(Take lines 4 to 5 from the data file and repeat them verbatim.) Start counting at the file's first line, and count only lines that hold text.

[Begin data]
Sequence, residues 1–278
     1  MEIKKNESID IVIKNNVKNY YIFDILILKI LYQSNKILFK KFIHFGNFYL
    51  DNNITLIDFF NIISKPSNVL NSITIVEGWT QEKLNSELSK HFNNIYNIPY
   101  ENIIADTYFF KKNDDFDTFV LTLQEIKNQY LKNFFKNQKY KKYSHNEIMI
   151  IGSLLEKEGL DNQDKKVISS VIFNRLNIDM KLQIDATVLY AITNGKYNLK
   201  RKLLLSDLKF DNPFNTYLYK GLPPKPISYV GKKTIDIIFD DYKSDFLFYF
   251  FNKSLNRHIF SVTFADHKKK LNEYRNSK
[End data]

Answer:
   101  ENIIADTYFF KKNDDFDTFV LTLQEIKNQY LKNFFKNQKY KKYSHNEIMI
   151  IGSLLEKEGL DNQDKKVISS VIFNRLNIDM KLQIDATVLY AITNGKYNLK